The Nizkor Project: Remembering the Holocaust (Shoah)

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Archive/File: holocaust/england/churchill churchill.002
Last-Modified: 1994/02/20

   "Eden would not co-operate with Churchill on the anti-Nazi group
   known as Focus: Leo Amery was Churchill's most influential
   supporter in it; other MP members included General Spears, Brendan
   Bracken, Harold Macmilland and Harold Nicolson. Focus had been
   formed in 1936 with money from wealthy and influential British and
   American Jews as a counter-move to Hitler's persecution of German
   Jews. Churchill, who was quickly recruited, addressed mass rallies
   at the Albert Hall, spoke at lunches for important people and
   became its driving force. A manifesto was issued, with great
   publicity, and Focus developed into an important political pressure
   group opposing the Government's appeasement and calling for
   immediate rearmament, for which Churchill argued vehemently. Violet
   Bonham Carter, Sinclair, the Liberal leader, and the trade
   unionists Citrine and Bevin helped to give the group credibility.

   Once involved in Focus, Churchill became 100 per cent pro-Zionist.
   He testified to the Peel Commission on Palestine that all Palestine
   should be handed over to the Jews regardless of Arab interests,
   which was in sharp contrast with his views on Palestine when he had
   been Colonial Secretary in 1922. Then he had been parsimonious
   about the number of Jews to be admitted, and said that only 'good
   citizens' amongst the Jews should be allowed in: 'We cannot have a
   country inundated by bolshevik riff-raff who would seek to subvert
   institutions in Palestine as they have done in the land from which
   they came.' In office he had twice suspended Jewish immigration and
   favoured abandoning Britain's Palestine mandate from the League of
   Nations under which Britain garrisoned and governed Palestine in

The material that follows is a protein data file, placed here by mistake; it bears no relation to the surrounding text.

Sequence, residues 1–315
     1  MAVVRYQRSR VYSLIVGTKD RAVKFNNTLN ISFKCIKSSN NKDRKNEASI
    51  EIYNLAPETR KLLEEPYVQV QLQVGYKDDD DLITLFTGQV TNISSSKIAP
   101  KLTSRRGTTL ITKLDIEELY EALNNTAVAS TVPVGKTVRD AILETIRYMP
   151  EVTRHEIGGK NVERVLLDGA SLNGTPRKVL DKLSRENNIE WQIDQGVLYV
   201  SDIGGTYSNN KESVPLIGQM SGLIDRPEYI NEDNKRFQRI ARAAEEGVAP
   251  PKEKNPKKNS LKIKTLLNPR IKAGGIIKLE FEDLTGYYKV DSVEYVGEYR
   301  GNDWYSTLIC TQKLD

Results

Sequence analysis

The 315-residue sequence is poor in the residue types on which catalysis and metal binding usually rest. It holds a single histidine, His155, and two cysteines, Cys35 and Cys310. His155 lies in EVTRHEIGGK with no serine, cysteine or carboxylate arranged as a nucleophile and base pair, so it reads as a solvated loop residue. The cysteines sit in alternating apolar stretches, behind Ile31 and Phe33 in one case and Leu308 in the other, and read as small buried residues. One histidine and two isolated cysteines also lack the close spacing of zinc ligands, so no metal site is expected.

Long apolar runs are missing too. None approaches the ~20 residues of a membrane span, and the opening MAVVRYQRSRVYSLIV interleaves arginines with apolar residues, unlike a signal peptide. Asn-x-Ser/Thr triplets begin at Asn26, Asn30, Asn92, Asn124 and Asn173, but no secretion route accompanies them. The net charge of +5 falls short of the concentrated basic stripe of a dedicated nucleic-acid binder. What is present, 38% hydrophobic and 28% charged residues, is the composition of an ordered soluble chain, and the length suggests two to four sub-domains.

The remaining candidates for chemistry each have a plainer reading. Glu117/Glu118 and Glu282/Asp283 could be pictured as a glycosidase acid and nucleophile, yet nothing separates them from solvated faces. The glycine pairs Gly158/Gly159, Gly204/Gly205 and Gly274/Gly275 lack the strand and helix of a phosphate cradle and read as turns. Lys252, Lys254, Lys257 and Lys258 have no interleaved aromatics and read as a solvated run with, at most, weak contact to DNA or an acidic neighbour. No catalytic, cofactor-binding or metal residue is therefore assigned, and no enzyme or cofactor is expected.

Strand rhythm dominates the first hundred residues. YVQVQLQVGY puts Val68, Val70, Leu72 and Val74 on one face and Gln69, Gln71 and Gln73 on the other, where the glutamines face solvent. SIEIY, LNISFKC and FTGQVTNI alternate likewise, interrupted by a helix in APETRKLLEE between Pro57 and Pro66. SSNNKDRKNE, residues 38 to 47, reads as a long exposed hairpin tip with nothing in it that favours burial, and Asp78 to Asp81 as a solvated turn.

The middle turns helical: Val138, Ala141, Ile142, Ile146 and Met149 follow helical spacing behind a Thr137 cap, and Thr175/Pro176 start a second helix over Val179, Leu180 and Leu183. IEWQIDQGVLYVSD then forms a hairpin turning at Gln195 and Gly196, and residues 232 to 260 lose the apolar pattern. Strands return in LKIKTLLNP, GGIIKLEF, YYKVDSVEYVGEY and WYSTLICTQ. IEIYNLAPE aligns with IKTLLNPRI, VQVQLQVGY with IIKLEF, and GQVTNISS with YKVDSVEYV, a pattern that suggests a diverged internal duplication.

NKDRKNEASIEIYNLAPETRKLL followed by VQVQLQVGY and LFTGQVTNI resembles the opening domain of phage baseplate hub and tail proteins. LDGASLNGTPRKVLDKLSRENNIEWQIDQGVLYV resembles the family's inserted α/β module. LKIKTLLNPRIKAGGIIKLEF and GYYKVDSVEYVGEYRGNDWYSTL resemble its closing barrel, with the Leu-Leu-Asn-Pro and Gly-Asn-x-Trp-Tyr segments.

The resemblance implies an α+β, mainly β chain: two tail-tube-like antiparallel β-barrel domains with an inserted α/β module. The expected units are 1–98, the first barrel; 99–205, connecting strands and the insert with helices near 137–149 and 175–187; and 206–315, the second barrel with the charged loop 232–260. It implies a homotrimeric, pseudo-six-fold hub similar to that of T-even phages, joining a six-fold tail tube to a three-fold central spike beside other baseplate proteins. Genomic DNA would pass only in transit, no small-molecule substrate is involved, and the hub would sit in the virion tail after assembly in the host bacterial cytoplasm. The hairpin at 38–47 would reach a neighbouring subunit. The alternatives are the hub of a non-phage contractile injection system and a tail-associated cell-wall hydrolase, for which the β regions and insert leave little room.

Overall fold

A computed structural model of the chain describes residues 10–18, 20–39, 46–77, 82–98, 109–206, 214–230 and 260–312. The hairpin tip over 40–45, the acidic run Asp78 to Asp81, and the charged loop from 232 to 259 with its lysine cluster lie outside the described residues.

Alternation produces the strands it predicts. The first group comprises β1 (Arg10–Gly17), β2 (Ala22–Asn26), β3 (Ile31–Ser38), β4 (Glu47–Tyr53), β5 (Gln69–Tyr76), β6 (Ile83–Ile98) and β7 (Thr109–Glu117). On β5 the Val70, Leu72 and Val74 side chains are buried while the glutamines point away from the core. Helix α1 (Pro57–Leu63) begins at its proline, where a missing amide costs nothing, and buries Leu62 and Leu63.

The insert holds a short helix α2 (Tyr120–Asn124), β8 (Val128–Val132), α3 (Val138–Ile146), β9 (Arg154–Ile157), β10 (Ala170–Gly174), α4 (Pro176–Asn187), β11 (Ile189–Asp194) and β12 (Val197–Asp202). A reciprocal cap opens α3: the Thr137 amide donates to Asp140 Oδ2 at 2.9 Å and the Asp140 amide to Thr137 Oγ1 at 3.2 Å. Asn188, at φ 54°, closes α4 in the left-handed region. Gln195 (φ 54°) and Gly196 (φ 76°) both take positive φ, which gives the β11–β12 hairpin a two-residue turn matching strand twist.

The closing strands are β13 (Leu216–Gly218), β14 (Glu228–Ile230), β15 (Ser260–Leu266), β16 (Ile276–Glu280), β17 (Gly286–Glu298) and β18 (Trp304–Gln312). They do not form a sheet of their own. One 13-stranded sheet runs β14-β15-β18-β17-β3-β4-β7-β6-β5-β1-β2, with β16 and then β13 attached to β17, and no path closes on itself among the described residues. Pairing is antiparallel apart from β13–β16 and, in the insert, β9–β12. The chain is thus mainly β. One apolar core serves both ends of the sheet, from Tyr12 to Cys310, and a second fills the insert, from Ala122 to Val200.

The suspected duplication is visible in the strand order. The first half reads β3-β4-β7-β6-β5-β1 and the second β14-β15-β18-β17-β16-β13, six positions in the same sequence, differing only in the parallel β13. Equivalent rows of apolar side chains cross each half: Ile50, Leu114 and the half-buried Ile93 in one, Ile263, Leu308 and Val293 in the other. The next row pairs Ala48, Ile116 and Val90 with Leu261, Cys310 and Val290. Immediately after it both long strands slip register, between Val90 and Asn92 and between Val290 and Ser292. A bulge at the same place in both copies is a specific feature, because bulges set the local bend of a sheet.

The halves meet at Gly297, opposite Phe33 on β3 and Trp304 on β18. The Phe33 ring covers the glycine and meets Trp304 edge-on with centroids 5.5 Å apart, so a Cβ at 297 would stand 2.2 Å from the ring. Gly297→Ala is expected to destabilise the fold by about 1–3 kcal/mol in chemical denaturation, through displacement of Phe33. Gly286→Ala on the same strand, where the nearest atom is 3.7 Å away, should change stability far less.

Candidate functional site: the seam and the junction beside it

the 1920s and 30s.<10>

   The Peel Commission in 1937 recommended limitations on Jewish
   immigration; its report coincided with an escalation of Hitler's
   persecution of Jews inside Germany, which was creating an urgent
   demand for a vast increase in the number of Jews allowed to enter
   Palestine. Yet the Chamberlain Government imposed quotas on German
   Jewish immigration both to Palestine and to Britain. As the U.S.A.
   also restricted Jewish immigration, great numbers of fugitives from
   Nazi tyranny had nowhere to go, and after an abortive London
   Conference of Jews and Arabs, a White Paper in 1939 stated that no
   further Jewish immigration into Palestine should be allowed against
   Arab wishes. It was a British rejection of the Balfour Declaration
   of 1917 establishing Palestine as a national home for Jewish
   people, at a moment when European Jewry faced disaster. The
   Commons divided on non-party lines, with Churchill opposing the
   White Paper strongly; the Government majority sank to 89 against
   its normal 240.<11>" (Lamb, 7-8)
   <10> Cohen, Churchill and the Jews, pages 101, 147
   <11> Cmnd 6019, HMSO

                             Work Cited

   Lamb, Richard.  Churchill As War Leader.  New York: Carroll & Graf
   Publishers, Inc., 1991.

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